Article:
11 Jun 2021
It’s not every day that your future father-in-law goes out of his way to make your favourite cake for you. Except, for Mildred’s father, it was.
In January 1979 my parents, who were dating at the time, celebrated Chinese New Year in my mother’s hometown in Sibu. My father was a Hakka boy who grew up in his parents’ busy shophouse in Kuching—this would have been his first experience of a Foochow Chinese New Year in a village. This momentous trip was also my father’s introduction to his future in-laws—my grandparents and my mother’s six siblings.
My late grandfather was well-respected in the community for his work ethic as an honest real estate broker. He also had a reputation for being an excellent cook, mastering and preserving the traditions of many Foochow dishes. Back then, the word on the street was that he made the best manjiu gor (Foochow Manchurian peanut cake) in town.
In my mother’s family, manjiu gor is a must-have Chinese New Year snack, along with my grandfather’s other specialty Foochow dishes. During that fateful Chinese New Year of 1979, my father added another first to his list: his first taste of manjiu gor, made by his future father-in-law.
What is manjiu gor?
Today, manjiu gor is something of a rare delicacy. Historically, the cake was made for the Qing emperor in the Manchurian Imperial palace. Foochows from my mother’s generation would remember waiting patiently for their parents to return from town after attending grand weddings, bringing home packets of manjiu gor. In present times, only a few families still make manjiu gor during Chinese New Year. It is no longer served at Foochow wedding banquets, nor found in traditional Foochow snack shops.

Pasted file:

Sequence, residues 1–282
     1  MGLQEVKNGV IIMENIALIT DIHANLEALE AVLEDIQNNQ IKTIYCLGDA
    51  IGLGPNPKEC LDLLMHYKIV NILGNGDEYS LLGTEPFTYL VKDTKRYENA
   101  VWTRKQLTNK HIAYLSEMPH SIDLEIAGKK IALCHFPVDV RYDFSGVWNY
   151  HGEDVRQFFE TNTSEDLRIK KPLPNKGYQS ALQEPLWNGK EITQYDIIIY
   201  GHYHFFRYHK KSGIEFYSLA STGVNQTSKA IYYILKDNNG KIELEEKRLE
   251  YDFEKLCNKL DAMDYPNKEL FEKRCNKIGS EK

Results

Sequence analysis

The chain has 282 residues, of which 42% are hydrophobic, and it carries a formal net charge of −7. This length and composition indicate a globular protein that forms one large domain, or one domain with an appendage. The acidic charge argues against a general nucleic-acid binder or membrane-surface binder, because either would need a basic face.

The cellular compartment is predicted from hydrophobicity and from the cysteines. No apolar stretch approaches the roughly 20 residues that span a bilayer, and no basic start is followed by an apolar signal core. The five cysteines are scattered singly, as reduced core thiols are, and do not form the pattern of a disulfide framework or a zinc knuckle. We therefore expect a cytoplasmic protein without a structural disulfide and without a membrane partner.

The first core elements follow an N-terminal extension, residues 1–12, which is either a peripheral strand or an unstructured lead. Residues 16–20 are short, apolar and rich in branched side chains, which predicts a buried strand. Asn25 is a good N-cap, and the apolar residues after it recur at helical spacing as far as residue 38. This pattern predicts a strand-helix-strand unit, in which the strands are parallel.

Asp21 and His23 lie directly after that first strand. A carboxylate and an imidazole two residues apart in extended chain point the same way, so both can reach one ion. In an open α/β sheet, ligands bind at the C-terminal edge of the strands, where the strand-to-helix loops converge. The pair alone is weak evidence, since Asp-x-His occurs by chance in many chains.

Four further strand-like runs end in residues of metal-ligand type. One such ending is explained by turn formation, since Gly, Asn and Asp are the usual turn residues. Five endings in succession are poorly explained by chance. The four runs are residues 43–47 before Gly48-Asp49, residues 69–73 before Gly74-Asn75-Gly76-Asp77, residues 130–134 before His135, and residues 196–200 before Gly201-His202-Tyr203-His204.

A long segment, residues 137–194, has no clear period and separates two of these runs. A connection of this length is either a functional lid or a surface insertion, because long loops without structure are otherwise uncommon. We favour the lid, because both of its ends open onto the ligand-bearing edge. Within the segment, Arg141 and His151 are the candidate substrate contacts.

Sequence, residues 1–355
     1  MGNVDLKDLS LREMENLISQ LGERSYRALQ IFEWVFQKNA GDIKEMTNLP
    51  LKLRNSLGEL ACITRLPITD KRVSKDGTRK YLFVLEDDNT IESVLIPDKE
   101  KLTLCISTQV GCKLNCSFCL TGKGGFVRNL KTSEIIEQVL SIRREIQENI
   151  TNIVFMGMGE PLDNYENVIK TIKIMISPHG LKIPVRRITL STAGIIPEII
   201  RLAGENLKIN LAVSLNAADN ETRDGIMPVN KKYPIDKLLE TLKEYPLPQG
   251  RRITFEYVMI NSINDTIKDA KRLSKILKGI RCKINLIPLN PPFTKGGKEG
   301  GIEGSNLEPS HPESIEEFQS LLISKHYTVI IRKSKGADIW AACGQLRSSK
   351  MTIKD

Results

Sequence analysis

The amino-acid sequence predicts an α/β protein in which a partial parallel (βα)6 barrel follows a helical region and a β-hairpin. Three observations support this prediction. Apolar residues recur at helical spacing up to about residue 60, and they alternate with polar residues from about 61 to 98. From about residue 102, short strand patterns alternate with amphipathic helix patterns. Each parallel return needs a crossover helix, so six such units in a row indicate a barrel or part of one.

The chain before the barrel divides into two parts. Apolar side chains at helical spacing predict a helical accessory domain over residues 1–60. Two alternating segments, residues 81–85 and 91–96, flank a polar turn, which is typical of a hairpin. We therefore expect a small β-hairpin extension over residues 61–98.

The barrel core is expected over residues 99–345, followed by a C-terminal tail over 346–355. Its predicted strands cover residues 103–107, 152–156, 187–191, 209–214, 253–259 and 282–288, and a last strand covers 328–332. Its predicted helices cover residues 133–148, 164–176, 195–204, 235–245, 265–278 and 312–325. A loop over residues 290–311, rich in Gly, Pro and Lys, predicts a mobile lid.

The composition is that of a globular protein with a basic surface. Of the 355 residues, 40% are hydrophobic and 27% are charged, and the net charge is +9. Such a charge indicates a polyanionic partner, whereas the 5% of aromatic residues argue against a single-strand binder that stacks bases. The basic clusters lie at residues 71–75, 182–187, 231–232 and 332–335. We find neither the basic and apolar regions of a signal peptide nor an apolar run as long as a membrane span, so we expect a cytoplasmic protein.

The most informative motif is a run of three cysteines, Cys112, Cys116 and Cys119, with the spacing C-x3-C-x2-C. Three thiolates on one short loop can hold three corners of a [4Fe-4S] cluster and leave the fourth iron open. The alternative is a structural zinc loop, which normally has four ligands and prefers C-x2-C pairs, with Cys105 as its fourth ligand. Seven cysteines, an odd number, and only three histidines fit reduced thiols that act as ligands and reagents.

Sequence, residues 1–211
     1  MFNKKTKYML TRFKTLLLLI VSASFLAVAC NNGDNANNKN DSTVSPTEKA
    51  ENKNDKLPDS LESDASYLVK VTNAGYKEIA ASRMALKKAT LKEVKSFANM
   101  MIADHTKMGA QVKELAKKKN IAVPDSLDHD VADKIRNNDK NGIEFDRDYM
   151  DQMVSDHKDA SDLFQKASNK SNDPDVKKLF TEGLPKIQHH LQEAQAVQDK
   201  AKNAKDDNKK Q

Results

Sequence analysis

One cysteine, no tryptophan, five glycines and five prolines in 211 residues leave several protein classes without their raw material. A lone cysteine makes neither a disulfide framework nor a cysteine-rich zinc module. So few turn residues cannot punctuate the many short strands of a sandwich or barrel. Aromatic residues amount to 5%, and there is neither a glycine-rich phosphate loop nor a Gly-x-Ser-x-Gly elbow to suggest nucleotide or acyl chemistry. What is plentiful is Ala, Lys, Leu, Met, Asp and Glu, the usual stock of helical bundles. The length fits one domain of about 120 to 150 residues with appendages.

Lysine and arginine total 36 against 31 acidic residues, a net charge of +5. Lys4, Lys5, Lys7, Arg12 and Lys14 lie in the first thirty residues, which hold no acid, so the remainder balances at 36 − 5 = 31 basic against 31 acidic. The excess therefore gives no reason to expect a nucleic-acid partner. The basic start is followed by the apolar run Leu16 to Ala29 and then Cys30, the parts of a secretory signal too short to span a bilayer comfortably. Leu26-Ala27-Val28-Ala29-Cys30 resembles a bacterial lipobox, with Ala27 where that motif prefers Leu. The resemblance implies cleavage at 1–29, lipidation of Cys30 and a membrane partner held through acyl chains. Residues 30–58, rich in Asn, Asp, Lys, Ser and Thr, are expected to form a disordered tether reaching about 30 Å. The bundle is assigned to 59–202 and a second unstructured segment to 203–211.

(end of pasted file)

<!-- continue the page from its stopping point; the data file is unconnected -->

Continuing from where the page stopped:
Manjiu gor is a dense, steamed cake, sweet and mildly savoury at the same time. It is made of a vigorous mixture of flour, freshly roasted peanuts, crispy deep-fried shallots, bits of sweet jujube dates, sugar, fat (traditionally a mix of pork lard and vegetable oil), a dash of salt and a healthy sprinkling of toasted sesame seeds.
First timers would find manjiu gor extremely interesting, perhaps like nothing else they have ever eaten before. In essence, manjiu gor is a cake with multiple personalities. It has the texture of a brownie, with delightful surprises. In the same bite, you get the nutty crunch of peanuts and soft tender morsels of sweet dates, amidst a creamy luxurious cookie batter.
The secret to good manjiu gor is patience. You need this patience to peel, slowly slice and carefully deep fry shallots to the exact level of crispiness. It is bizarre to even imagine putting onions in cake, but in the case of manjiu gor, shallots are the key ingredient that elevates the cake. The unlikely ingredient adds a fragrant and deep, caramelised flavour profile to the cake.
My grandfather’s manjiu gor tactics
To my grandfather’s delight, my father loved manjiu gor. It was the perfect combination of sweet cake and peanuts—both things that he loves. Apparently, my father ate so many pieces, and my grandfather kept putting filled plates of cake in front of him. The story goes that my grandfather really liked my father, and was determined to secure him as his son-in-law, using his secret weapon of manjiu gor.
My grandfather made it a point to prepare freshly steamed batches of manjiu gor every time my father visited. Soon, my grandmother, uncles and aunties would call manjiu gor my father’s ‘opium’, as he seemed addicted to the cake. My father was definitely pampered by my grandfather—not only was he presented with fresh manjiu gor as soon as he arrived in Sibu, but upon leaving, would also be gifted with containers of cake to go.
Surely enough, my grandfather’s efforts bore fruit. My parents got married in Sibu several months later, in a simple church wedding ceremony. And even after my father no longer needed to be lured into the family with the bait of manjiu gor, even after both my grandparents passed away, my aunts continue to make manjiu gor for my father—to this very day.
Try Mildred’s aunt’s manjiu gor recipe here.
Mildred Voon is on a quest to master traditional Foochow and local Sarawakian recipes from her shared family kitchen in Kuching.
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